What are we supposed to do? There is an internal voice that wants to argue with me about this. Actually, there are two separate voices. (I know, this is scary to me too) One voice keeps telling me that all this crap going on in the world is consuming me and my time. That I only have so much time, and it is also smothering what creativity I have to offer. This voice cautions me against becoming overwhelmed by it all.
Still, the other voice, (which is just certain it is the wiser of the two) reminds me of the words of Edmund Burke, "The only thing necessary for evil to triumph, is for good men to do nothing." This is my voice that reminds me it is important to stay informed and not count on others to do this on my behalf. Bad things have happened throughout history when people assumed others would do the right thing on your behalf.
There is no one correct voice here. They both speak to truths. The answer has to fall somewhere in between. I must do my homework, so to speak, and be informed both for the purpose of voting and also being outspoken when and where necessary. At the same time I must allow myself to break at times from extensive and draining news coverage of things. I must allow myself time to take a walk and absorb nature. Take a long soaking bath. Or read just for the recreation of it. Years ago I learned that we should never lose our ability to become indigent when something is wrong.
Now, I need to learn how to feed optimism and believe in change for the better. I also need to keep open the pathway to writing and not feel overwhelmed by the world or the struggle to write what needs to be said.
"There is no greater agony than bearing an untold story inside." ~ Maya Angelou
Now that I can identify what the problem is, let's see if I can do something about it.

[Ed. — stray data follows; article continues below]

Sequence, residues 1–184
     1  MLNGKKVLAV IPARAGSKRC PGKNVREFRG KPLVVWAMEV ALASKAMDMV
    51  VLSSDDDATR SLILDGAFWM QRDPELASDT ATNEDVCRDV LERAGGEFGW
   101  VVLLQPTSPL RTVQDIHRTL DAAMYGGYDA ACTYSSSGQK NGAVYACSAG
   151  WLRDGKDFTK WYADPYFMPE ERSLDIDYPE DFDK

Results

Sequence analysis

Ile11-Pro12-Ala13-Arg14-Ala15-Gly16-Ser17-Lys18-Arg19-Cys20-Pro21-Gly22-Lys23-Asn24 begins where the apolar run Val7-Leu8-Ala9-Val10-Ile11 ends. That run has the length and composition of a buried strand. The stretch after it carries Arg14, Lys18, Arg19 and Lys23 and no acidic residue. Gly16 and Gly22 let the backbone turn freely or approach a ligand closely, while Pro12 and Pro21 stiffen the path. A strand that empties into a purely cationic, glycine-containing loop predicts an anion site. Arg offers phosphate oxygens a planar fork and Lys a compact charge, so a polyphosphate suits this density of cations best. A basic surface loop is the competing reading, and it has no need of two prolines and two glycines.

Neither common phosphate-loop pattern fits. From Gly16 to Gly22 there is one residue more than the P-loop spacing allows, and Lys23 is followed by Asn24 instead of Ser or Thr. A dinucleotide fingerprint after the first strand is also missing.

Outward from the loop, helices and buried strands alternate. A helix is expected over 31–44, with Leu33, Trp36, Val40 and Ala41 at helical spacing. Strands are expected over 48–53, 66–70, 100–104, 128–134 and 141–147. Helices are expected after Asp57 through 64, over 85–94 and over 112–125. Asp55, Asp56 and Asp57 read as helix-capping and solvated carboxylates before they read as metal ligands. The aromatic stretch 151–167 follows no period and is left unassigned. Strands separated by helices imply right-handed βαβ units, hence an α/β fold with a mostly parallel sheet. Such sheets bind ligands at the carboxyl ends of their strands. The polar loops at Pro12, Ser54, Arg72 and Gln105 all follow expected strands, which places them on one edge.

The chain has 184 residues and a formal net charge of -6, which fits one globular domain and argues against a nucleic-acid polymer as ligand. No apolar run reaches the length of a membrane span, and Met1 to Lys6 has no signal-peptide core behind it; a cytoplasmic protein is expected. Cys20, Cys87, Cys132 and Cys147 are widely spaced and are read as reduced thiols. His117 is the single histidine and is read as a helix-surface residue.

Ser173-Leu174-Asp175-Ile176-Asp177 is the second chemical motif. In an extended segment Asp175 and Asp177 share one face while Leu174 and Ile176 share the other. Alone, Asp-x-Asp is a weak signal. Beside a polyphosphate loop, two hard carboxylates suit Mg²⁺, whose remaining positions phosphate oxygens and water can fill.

Clearly my memory has not faltered just yet. In a recent trip to Half Price Books, I saw a copy of Gene McCarthy's Minnesota - Memories of a Native Son, a book I recall checking out of the Southwest High branch public library. We won't go into how long ago that was, but suffice to say it was not in this century.
At a mere $2.99 I could not pass up this collection of poetry published By Winston Press in 1982.
I have to say that I recall holding in my hands a copy of this very book like it was yesterday. I also recall very clearly the final piece in the book titled Memories of Hubert - A Politician Too Good to be Vice President. What make this find so interesting is going back to the time I would have read it, my interest in poetry would have been far more casual. Motivation for checking this book out would have been more related to my early political interests at the time than poetry. Oh, I was reading other poetry in this time period but I was not a serious student of poetry nor was I writing anything with serious intent. I do recall reading Daniel Berrigan in this time period and a few others.
Thinking back on reading this book, I don't recall thinking the poetry was particularly impressive. I was most intrigued by the fact that a U.S. Senator, even a one time Presidential contender would take the time to pen poetry and that it would be published.
This seems funny to me now, because I don't know on what basis I felt qualified in those days to determine how good or bad certain poetry was.
So, I once again have a copy of the book. My own, that won't need to be returned. My plan is to sit down and read this book again - obviously with many more years and many more life experiences between then and now. We'll see what difference all these many years makes.
Michael Allyn Wells - notes & musings